Feb. 13 (Bloomberg) -- Komercni Banka AS shares jumped as the Czech unit of Societe Generale SA posted a record profit that beat analyst estimates.
The stock climbed as much as 2.9 percent after the company said net income attributable to shareholders surged 47 percent last year to 13.95 billion koruna ($740 million), more than the 13.75 billion-koruna median estimate of 15 analysts polled by Bloomberg. The bank proposed a dividend of 230 koruna per share, or 63 percent of profit, up from a 160 koruna payout last year.
Lending growth helped Komercni Banka mitigate a drop in net interest income and fees as the Czech economy shrank last year, the Prague-based lender said. Profit was boosted by a 75 percent plunge in reserves and provisioning as a 5.36 billion-koruna write-off on Greek government bonds in 2011 was not repeated.
“The earnings are solid, confirming the bank’s stability and ability to cope with negative factors in a difficult environment,” Marek Hatlapatka, an analyst at Cyrrus brokerage, said by phone today from Brno, Czech Republic.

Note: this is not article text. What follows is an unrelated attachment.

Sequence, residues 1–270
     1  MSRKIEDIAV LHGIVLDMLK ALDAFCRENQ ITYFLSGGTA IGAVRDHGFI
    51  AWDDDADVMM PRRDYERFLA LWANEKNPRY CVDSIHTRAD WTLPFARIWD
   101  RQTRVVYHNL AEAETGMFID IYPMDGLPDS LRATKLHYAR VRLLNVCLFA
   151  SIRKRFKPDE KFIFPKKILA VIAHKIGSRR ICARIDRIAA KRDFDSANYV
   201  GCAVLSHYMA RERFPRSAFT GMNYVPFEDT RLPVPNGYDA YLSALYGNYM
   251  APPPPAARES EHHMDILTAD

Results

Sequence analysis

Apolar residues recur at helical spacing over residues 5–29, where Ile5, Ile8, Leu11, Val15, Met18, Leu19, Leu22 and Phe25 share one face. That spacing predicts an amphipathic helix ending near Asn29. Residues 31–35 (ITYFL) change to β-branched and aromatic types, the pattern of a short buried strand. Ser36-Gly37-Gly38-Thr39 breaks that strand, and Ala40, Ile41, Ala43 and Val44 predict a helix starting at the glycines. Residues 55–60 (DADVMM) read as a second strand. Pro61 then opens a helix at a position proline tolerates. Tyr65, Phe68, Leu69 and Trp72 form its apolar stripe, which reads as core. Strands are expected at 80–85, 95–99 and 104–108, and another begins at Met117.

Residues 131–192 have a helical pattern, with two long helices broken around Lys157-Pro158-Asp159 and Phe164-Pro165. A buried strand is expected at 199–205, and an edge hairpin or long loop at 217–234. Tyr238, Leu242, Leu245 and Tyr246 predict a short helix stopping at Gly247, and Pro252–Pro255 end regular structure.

The stock added 1.5 percent to 3,908 koruna by close in Prague, outpacing a 0.8 percent gain for the PX index. SocGen tumbled 3.5 percent by 4:55 p.m. in Paris after the French company said its full-year profit slumped 68 percent to 774 million euros ($1 billion).
Komercni Banka’s fourth-quarter net attributable income increased 25 percent from a year earlier to 3 billion koruna. That compares with SocGen posting its first quarterly loss since the first three months of 2009.
Economic conditions “will probably remain difficult this year and market interest rates will stay very low,” Komercni Banka said in its earnings statement today. Net income will probably shrink 12 percent to 12.3 billion koruna, according to the median estimate of 15 analysts for the full year 2013.
“Everyone knows that this year will be more difficult and profit will be lower,” Cyrrus’s Hatlapatka said.
Komercni Banka seeks to sell part of its 7.5 billion-koruna portfolio of Italian government bonds at around nominal value this year and move the funds to assets including Czech sovereign debt, Chief Operating Officer Pavel Cejka said in an interview for Bloomberg News today. The switch to lower-yielding Czech notes would curb the risk and return on the investment, he said.
“When we bought the Italian bonds, they were considered a riskless investment -- that’s no longer true,” Cejka said.
To contact the reporter on this story: Krystof Chamonikolas in Prague at email@example.com
To contact the editor responsible for this story: Wojciech Moskwa at firstname.lastname@example.org